It was not unusual to see people carrying buckets of roots for spending money. The "seng" was hauled to Woodstock, Illinois, where it was washed, dried and prepared for market. Wisconsin and especially Vernon County, became the heaviest producer of ginseng in America. It was sold to the Chinese for culinary and medicinal purposes. They believed that the more nearly the root resembled the human form the greater its efficiency in curing or warding off disease and they believed that it prolonged life.

When the plants became scarce, the berries were gathered and planted in "seng gardens. Edward and Edna Lord bought the land and in built a house and barn. Edna raised crops like corn, potatoes, squash and more. Edna also milked the cows because Ed thought she could do it faster than he could. They also had geese, chickens, pigs and three sheep to produce wool for blankets and clothing. Long ago, the farm where the park office is now was a ginseng garden.

The hillside to the right as you come up the entrance road was the ginseng garden. Ginseng must be partially shaded in order to grow.

To provide shade, poles are erected with a wire mesh strung across the top. Branches are then placed on top of this mesh to provide shade. Similar methods are used today, but wooden slats are used instead of branched and twigs. The "seng" was cultivated and the leaves were left for mulch and protection for the young plants. The roots were dug, washed and dried. Then the ground was replanted with seed or seedlings. The harvest cycle of five years made the growing of "seng" a risky operation as diseases and adverse weather conditions often ruined a crop and it took three pounds of green ginseng to make one pound of dry.

Eventually the bottom dropped out of the market because of the lack of shipping facilities in World War I. Since World War II, the interest in ginseng has revived as the value of it is being recognized in this country for medicines, perfumes, cosmetics, gum, etc. The digging of wild "seng" has begun again and new "seng gardens" are cropping up. The old office and shop building were a drying house for ginseng, called the "seng house. The house was also used for drying ginseng, but was later remodeled and added to for use as a family dwelling.

In the s, local farmers were upset because a bobcat, also called wildcat, killed several of their sheep. So the farmers formed a hunting party to find the wildcat. They tracked and killed it to prevent the loss of anymore of their livestock. The farmers shot it nearby the area that is now the park's main overlook and gave it the name Wildcat Hill.

The name was later changed to Wildcat Mountain. Amos Theodore Saunders in gave a acre tract to the state so that others like himself, lovers of Wisconsin's natural beauty, might know the unspoiled woods of the Upper Kickapoo. In , the legislature voted to establish a state park on the acre Vernon county park and expand it to hundreds of acres. Wildcat Mountain State Park was established in with that initial donation of 60 acres from Vernon County. Since then the park has grown to 3, acres.

Most of this page is taken from an article in the Wisconsin State Journal , November 9,

Wildcat Mountain History - Wisconsin DNR

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Please leave us a rating and review reviews get posted online. Amish land ownership in the township of Clinton, — Today the Amish own more than half the land in the township, and their settlements have spread throughout the Kickapoo Valley. No one in the area would ever again mistake them for traveling performers. This chapter will explore what happened when an entire community of outsiders acquired a great deal of land in a short time.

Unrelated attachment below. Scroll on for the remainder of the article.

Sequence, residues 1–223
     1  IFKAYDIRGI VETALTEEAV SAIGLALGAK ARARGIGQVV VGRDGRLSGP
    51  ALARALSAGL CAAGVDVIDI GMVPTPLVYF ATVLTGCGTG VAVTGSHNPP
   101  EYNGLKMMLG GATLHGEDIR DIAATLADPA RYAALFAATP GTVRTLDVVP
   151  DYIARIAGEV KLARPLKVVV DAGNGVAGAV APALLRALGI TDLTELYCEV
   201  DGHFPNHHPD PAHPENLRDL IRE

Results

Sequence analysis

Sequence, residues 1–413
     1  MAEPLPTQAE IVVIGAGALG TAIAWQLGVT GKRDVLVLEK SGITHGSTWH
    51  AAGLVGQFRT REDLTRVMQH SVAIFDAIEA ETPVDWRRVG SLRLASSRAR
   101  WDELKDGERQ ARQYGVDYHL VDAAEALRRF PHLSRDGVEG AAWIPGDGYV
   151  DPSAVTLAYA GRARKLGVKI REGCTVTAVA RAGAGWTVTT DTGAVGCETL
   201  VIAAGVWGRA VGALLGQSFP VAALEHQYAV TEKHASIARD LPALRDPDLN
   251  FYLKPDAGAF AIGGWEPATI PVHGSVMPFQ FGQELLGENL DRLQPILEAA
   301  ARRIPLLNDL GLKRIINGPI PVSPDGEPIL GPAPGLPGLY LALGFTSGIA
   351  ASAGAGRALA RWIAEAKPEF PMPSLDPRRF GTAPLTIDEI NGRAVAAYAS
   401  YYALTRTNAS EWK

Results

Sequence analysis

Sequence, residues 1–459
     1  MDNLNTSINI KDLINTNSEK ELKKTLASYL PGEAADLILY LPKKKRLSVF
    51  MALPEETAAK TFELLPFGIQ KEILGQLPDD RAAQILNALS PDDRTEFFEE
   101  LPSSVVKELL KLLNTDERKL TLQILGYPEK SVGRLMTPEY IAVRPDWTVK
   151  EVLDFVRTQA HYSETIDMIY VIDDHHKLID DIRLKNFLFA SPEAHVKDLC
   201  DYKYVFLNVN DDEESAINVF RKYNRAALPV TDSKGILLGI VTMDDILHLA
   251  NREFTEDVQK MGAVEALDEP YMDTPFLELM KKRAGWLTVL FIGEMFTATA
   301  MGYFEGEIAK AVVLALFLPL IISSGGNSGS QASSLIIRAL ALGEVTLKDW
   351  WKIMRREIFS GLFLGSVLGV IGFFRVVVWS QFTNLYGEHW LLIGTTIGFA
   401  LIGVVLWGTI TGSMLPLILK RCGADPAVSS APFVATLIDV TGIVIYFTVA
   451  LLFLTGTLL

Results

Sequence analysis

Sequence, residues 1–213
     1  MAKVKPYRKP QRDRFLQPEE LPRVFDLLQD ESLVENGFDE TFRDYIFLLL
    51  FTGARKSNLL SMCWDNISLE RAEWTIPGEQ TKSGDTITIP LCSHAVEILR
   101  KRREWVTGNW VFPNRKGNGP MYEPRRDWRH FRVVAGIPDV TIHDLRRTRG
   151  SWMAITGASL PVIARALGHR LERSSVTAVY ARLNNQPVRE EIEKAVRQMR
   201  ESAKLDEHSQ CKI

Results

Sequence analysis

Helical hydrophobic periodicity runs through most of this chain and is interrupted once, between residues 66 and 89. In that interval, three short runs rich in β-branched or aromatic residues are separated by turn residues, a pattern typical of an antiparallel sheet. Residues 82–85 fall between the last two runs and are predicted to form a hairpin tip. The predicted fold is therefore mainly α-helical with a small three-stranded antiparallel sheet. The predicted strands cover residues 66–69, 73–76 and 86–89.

What were the reactions of the people who already lived there? How did they relate to this new community? Today, Amish farmers in Clinton are undeniably local residents and they are undeniably in place for the long haul.

This fact alone sets Clinton apart from Liberty, whose history became dominated by absentee land ownership. It transcends individual owners who imagine themselves separated by property lines. Thus the Amish compel us to move our scale of analysis from individual parcels to ethnic or cultural territories. In their separateness, the Amish shine a light on non-Amish culture and cultural landscapes. At a time when we are struggling none too successfully over how to achieve sustainable agricultural communities, the Amish raise fascinating—and uncomfortable— questions.

Today the Amish own more than half the land in Clinton. Amish land ownership meant a lot of things for the township. Far more land stayed in local hands than was the case for its neighbor, Liberty.

More land also stayed in agriculture. From to forest cover increased considerably in Liberty, whereas forests expanded very little in Clinton over the same period, from 31 percent to 39 percent of If you would like to authenticate using a different subscribed institution that supports Shibboleth authentication or have your own login and password to Project MUSE, click 'Authenticate'.

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An acre tract located between La Farge and Ontario. Here sandstone outcroppings tower over the Kickapoo River as you paddle its quiet waters. The Kickapoo Valley Reserve protects that gem of a river and the surrounding hills and hollows. Amil's Inn Bed & Breakfast in Wilton Wisconsin, is nestled in the Kickapoo Valley minutes This past week eight ladies from the Wisconsin/Minnesota made The eight ladies favorite was Green Acres Greenhouse located at.